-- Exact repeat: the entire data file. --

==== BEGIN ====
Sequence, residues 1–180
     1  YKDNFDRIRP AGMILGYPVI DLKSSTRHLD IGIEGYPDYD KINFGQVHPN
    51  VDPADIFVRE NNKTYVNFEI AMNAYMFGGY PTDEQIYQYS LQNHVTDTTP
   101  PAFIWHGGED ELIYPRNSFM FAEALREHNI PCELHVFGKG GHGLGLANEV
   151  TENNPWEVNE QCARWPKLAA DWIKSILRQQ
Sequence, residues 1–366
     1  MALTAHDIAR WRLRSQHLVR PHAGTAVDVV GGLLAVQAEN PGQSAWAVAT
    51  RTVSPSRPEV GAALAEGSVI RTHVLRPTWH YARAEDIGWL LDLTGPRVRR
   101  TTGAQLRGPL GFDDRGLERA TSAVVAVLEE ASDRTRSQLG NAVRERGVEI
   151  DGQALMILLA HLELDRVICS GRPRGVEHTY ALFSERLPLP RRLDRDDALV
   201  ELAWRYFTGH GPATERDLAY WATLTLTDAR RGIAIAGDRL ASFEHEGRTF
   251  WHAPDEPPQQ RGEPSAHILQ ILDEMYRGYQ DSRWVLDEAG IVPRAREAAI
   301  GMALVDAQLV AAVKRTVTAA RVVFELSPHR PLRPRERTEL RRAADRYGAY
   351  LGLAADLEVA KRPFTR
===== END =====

Sequence, residues 1–180
     1  YKDNFDRIRP AGMILGYPVI DLKSSTRHLD IGIEGYPDYD KINFGQVHPN
    51  VDPADIFVRE NNKTYVNFEI AMNAYMFGGY PTDEQIYQYS LQNHVTDTTP
   101  PAFIWHGGED ELIYPRNSFM FAEALREHNI PCELHVFGKG GHGLGLANEV
   151  TENNPWEVNE QCARWPKLAA DWIKSILRQQ
Sequence, residues 1–366
     1  MALTAHDIAR WRLRSQHLVR PHAGTAVDVV GGLLAVQAEN PGQSAWAVAT
    51  RTVSPSRPEV GAALAEGSVI RTHVLRPTWH YARAEDIGWL LDLTGPRVRR
   101  TTGAQLRGPL GFDDRGLERA TSAVVAVLEE ASDRTRSQLG NAVRERGVEI
   151  DGQALMILLA HLELDRVICS GRPRGVEHTY ALFSERLPLP RRLDRDDALV
   201  ELAWRYFTGH GPATERDLAY WATLTLTDAR RGIAIAGDRL ASFEHEGRTF
   251  WHAPDEPPQQ RGEPSAHILQ ILDEMYRGYQ DSRWVLDEAG IVPRAREAAI
   301  GMALVDAQLV AAVKRTVTAA RVVFELSPHR PLRPRERTEL RRAADRYGAY
   351  LGLAADLEVA KRPFTR